Exploring Tourism in Swaziland
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Reed Dance

Manzini, Swaziland

If you are lucky enough to be in Swaziland during the Umhlanga Reed Dance you shouldn’t pass up the opportunity to see it for yourself. The event, which is held annually around the end of August when the reeds are matured and ready for harvest, lasts approximately eight days. The event gives the country’s maidens (childless, unwed girls) the opportunity to pay homage to the Queen Mother (Indlovukazi).

Before the start of the event, the girls come from all over the country. They are looked after and mentored by captains appointed by the Royal Family. As part of the tradition, the girls cut reeds and carry them back to the Royal Residence where the reeds are used as windbreakers for the perimeter. Aims of this particular ceremony include promoting solidarity between the girls. The seventh day of the Umhlanga Reed Dance is a national holiday and is when the King participates. On this special day the arena is filled with thousands of spectators who come to see the girls dancing and saluting the Queen Mother.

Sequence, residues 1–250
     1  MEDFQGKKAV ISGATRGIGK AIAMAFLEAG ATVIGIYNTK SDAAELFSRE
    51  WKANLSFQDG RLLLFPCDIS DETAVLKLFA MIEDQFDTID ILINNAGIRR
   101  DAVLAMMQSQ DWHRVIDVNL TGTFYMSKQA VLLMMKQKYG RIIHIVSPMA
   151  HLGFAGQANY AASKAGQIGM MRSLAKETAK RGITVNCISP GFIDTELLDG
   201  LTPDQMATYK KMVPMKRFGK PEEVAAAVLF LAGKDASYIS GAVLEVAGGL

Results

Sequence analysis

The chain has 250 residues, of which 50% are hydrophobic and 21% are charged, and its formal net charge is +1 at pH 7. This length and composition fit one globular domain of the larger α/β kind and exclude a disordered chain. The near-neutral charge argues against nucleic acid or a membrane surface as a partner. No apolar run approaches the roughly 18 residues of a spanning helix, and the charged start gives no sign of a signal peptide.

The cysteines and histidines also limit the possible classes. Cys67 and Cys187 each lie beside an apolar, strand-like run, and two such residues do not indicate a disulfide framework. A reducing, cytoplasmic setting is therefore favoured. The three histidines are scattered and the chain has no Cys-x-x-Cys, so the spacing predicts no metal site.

His Majesty then makes his rounds to salute thousands of girls as they cheer him on. The Umhlanga Reed Dance is truly one of Africa’s most fascinating cultural events!

The vibrant celebrations come to life on days six and seven. These are the days open for visitors to enjoy the energetic and colourful parade in the stadium. Day 7, the Umhlanga Main Day, is also a public holiday in Eswatini. For more information about the Reed Dance schedule, I also wrote a day-to-day overview of the eight-day Umhlanga Reed Dance Festival.

The Royal Reed Dance takes place in the royal Lobamba region, near the Ezulwini Valley in the Ludzidzini Royal Village, also known as the Royal Kraal. It's the residence of the Queen Mother. King Mswati III lives at the Lozitha Palace, a few kilometers away.

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